NIH Tells Drug Researchers to Include Female Subjects in Drug Trials

NIHlogoScientists from the National Institutes of Health (NIH) have called on drug researchers to immediately start including female test subjects in drug research trials.

Many animal trials — especially those conducted by drug and medical device makers — include only male rats, pigs, or dogs. In a paper published last week in the journal Nature, Dr. Francis Collins, director of the NIH, and Dr. Janine A. Clayton, director of the Office of Research on Women’s Health, decry the “over-reliance on male animals and cells in preclinical research.” This “obscures key sex differences that could guide clinical studies,” Slate reports, and “women experience higher rates of adverse drug reactions than men do,” Collins and Clayton write.

Biological differences between male and female bodies mean that illnesses can manifest differently in men and women and women may respond differently to treatment. Researchers have avoided using female animals for fear that female reproductive cycles and hormone fluctuations would “confound the results of delicately calibrated experiments, the New York Times explains. But the absence of female subjects means researchers don’t know how the drugs will work on women. And medical devices like replacement joints may not properly fit women’s bodies, leaving women with poorer results.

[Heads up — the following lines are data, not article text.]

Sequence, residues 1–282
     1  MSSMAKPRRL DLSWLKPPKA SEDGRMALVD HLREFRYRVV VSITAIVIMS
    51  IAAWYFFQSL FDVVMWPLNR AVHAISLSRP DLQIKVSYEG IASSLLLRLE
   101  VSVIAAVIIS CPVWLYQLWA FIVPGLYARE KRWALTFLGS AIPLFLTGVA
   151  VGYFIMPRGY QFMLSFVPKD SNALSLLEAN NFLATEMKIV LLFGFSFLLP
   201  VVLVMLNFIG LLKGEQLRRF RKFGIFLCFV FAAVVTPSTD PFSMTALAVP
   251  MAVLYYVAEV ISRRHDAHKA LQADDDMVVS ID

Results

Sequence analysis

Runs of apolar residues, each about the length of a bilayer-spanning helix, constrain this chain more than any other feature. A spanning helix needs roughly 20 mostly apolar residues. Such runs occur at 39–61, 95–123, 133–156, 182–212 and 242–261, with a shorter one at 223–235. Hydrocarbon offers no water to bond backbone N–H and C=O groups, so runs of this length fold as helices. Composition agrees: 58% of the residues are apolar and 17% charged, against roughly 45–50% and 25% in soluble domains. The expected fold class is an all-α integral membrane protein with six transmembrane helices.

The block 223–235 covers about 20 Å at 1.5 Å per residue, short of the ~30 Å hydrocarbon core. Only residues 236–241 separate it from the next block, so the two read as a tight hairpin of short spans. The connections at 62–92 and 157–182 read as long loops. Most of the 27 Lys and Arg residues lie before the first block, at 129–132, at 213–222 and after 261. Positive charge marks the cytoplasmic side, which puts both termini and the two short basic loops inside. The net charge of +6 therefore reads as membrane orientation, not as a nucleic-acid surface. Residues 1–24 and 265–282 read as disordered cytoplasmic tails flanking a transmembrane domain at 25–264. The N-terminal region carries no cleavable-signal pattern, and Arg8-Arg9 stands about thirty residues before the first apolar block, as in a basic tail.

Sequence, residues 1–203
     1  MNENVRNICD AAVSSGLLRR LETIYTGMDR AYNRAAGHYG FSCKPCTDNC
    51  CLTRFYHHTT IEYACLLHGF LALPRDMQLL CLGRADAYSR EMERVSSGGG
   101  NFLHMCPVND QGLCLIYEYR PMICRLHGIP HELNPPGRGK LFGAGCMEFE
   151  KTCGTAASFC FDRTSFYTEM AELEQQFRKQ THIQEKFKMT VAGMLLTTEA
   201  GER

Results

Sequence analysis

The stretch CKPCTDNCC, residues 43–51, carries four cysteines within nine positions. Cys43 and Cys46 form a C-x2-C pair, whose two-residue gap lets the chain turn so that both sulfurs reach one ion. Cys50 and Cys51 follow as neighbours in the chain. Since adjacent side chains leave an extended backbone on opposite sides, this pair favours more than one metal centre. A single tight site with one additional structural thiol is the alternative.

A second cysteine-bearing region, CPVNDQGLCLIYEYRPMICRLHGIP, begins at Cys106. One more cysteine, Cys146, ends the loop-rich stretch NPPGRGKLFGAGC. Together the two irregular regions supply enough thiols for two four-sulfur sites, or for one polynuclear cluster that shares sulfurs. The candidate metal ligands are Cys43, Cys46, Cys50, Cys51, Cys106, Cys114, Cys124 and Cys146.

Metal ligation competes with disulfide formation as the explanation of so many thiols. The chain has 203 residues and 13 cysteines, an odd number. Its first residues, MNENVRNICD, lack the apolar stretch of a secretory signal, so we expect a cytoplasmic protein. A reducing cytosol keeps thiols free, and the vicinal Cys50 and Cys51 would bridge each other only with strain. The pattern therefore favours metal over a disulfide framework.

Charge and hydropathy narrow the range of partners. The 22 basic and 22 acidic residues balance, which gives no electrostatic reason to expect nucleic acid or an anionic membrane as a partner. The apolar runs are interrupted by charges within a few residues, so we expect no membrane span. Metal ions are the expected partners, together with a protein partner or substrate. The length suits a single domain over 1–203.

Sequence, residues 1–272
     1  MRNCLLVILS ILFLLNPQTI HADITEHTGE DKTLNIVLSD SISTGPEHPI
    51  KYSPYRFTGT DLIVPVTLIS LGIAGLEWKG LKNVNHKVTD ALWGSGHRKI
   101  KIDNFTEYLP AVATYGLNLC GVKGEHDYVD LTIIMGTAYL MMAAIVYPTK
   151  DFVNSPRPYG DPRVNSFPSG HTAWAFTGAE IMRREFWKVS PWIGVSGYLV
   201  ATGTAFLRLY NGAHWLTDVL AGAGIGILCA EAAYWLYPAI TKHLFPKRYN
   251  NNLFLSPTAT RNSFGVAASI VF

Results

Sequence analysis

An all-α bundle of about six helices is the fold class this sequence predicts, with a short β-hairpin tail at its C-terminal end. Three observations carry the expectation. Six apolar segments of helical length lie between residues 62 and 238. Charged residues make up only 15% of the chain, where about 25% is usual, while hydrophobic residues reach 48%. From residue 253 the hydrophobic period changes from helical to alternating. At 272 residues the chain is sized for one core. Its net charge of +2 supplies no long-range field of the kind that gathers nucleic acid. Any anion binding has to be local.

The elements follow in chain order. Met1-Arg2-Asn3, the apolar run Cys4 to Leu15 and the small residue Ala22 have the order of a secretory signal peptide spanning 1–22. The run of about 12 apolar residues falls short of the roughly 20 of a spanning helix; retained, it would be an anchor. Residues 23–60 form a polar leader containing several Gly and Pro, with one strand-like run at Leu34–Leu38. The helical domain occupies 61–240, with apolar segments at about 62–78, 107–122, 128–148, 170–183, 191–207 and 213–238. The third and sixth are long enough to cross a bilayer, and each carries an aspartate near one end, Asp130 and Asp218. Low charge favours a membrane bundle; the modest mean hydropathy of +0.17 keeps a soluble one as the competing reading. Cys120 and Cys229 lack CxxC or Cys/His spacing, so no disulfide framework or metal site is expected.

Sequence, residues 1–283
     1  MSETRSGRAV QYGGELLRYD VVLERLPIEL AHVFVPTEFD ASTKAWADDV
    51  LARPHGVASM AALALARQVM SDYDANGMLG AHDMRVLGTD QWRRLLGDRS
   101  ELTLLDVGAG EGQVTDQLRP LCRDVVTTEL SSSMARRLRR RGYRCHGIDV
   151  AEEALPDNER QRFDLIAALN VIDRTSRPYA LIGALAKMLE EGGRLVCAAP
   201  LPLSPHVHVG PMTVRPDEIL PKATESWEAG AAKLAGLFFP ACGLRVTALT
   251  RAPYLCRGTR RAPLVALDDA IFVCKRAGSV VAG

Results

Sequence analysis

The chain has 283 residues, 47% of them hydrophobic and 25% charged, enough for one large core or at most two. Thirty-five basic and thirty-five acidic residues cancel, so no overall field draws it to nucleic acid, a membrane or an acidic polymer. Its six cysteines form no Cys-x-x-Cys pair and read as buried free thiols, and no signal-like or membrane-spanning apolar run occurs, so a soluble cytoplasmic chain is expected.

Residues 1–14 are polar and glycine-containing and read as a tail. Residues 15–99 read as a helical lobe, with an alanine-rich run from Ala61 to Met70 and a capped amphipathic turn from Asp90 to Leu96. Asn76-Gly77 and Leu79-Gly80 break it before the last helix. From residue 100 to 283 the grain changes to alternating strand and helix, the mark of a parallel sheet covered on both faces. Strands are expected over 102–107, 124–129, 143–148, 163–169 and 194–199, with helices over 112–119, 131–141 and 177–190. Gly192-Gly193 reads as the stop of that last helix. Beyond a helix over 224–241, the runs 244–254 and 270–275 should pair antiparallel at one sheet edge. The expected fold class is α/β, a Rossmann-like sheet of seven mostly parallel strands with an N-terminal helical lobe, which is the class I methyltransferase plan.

The Food and Drug Administration (FDA) has lowered the recommended dose for the sleep medications Ambien and Lunesta because studies have shown that women metabolize the active ingredient in each more slowly than men do. This leaves women at risk for drowsiness and impairment the next morning, which can prove dangerous for driving. For statin drugs, widely prescribed to lower cholesterol, testing was done mostly in men, thus providing limited evidence of their benefit to women. This situation is true for many drugs and treatments. Even when researchers study diseases such as anxiety, depression, thyroid disease, and multiple sclerosis, which are more prevalent in women, they often rely on male animals in testing, says Dr. Irving Zucker of the University of California, Berkeley, who has written extensively on gender bias in scientific research, according to the Times.


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